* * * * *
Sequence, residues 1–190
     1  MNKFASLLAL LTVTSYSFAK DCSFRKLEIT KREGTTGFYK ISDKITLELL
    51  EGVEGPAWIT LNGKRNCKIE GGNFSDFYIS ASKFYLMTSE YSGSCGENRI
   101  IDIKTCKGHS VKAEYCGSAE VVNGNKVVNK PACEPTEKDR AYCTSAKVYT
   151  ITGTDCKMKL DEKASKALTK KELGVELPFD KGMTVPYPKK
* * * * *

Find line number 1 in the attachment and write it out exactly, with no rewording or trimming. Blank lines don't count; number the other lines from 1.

Sequence, residues 1–190